And of course you can use the sonar to confirm the terrain below is holding bait and/or gamefish. The image above depicts a school of blue runners and pilchards hanging out on a very small piece of structure.
Find the structure, find the bait, find the fish. Here’s a great shot of Mark with a nice kingfish he scored aboard the Bandit.
One other cool piece of Navionics/Raymarine Tech that really caught my eye was a new feature called Dock-to-Dock Autorouting.
This feature combines the Navionics Chart data with intelligent trip routing to create a safe route to your destination while avoiding land, obstacles and shallow water. You literally tell the Raymarine unit where you want to go and it calculates the plots the most efficient route while keeping you and your boat safe of any obstructions. Of course you’ll want to double check the math, but it’s an awesome way to quickly create a route to just about anywhere.
For the second day of fishing, I hopped aboard Paul Michele from Navionics brand new 26-foot Andros Panga. This little boat was bad ass and rigged to the gills with Raymarine tech and Okuma gear. Joining us that day would be Glen Law from Saltwater Sportsman and Alex Mai from TackleTour.com. We decided to run to a shallow wreck Paul had that was a bit out of the way. The wind was up but the Andros Panga got us there fast and comfortable.
We got the anchor down and started a chum line. Alex was first to hook up. I can’t tell you how much fun we had watching a bass guy catch his first Florida bonita or little tunny.
He couldn’t believe how hard the little tuna pulled and it gave him all he wanted. After a few minutes, Alex won the battle.
Shortly thereafter, Dave hooks up to something that was screaming off line.
The Okuma Azores spinner was up to the task, but unfortunately the fish broke off leaving us to wonder…
The Okuma Azores spinning reels matched up to the new Gulf Coast Series Shadow Stalker rods handled the inshore duties just fine. For bigger bottom fish, we switched to the Okuma Metaloids and they worked great.
After a couple hours of catching smaller snappers and several mystery bites, Paul made the call to troll the wreck and see what was patrolling the perimeter.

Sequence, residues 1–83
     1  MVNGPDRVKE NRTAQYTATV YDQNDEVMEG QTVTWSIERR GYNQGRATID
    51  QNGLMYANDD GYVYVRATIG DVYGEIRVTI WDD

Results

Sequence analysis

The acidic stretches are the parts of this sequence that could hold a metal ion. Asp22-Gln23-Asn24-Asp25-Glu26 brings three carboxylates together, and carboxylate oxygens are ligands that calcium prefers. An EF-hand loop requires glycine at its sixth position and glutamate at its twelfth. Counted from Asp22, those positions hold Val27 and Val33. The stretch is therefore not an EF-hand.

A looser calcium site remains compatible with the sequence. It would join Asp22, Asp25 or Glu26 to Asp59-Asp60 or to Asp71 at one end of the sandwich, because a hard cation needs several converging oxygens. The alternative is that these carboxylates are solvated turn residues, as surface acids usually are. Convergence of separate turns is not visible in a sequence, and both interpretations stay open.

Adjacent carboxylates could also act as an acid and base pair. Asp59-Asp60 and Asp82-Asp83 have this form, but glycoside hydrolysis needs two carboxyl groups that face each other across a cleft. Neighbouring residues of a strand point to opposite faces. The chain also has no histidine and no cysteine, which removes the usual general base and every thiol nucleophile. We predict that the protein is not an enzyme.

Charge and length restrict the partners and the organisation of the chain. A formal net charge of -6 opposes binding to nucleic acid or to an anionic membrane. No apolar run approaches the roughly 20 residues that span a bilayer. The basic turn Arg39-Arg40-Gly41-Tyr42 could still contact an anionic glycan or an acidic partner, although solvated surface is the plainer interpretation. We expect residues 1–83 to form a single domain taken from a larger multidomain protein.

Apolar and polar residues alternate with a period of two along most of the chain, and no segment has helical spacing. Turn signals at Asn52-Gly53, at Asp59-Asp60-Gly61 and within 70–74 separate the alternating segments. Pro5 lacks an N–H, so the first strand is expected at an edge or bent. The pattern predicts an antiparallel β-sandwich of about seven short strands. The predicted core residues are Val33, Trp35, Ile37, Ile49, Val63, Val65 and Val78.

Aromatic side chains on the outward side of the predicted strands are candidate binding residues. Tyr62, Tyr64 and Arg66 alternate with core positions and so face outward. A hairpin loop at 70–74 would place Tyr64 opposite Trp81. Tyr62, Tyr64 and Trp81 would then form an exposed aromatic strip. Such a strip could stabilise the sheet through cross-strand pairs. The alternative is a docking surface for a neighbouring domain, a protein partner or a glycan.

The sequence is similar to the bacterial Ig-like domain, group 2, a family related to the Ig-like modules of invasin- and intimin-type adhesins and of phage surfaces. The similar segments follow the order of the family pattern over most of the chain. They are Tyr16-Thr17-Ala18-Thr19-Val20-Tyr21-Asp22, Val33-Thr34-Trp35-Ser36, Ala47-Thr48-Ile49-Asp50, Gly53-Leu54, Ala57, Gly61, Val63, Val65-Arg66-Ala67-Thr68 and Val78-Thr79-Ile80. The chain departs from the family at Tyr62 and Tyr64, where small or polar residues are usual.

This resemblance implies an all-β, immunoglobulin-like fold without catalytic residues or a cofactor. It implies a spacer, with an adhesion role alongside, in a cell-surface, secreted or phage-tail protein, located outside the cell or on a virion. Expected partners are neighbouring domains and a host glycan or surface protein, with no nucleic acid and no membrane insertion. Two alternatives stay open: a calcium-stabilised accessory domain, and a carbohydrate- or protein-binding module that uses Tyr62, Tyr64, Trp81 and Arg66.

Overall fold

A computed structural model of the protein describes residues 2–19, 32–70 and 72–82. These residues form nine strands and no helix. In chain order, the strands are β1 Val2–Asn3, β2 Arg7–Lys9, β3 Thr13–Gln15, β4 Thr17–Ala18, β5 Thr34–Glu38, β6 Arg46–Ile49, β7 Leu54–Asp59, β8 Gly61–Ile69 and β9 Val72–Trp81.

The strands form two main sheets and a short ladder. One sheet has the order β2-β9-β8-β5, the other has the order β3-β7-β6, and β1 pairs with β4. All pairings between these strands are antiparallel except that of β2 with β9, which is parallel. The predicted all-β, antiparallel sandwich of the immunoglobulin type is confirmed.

We put out a spread of Yo-Zuri Crystal Minnow Deep Divers and Hydro Magnum plugs. After several passes, we came up empty handed.
Yo-Zuri brought an arsenal of plugs and poppers to try out. More than a couple of these lures made it into my suitcase to try out back home.
I’ve always been a fan of the Yo-Zuri poppers and I’m sure some of the new sizes will get crushed by our local tunas.
The Okuma/Savage guys were also on the trip and they brought a slew of cool lures to try out. While I’m no bass guy, these crazy new designs definitely caught my eye. Its clear Savage Gear has been paying attention to what many of the custom lure makers have been designing. These new lures were innovative and super detailed. The rat and duckling lures looked and swam like the real deal.
Mike Bennet from Okuma/Savage put the Manic Shrimp to work and scored this beautiful triple tail off a crab float.
Not to be outdone, John Bretza from Okuma also caught a nice Triple Tail on the Manic Shrimp.
Cuda Brand Tools were also on hand and supplied all the anglers and boats with their tools. The most impressive product they brought was their new line of Professional grade knives.
These knives are made from top quality USA Carpenter CTS40A Titanium Bonded ceramic NonStick steel and are incredibly well balanced. They also come with a bulletproof Kydex sheath.
I want to thank Paul Michele at Navionics for organizing this fun little get away. I’d also like to thank Okuma, Cuda Tools, Raymarine, Navionics and Yo-Zuri for hosting us for the week. It’s always a blast to fish new waters and get to play with the latest in toys.
Marco Island is another one of Florida’s hidden gems.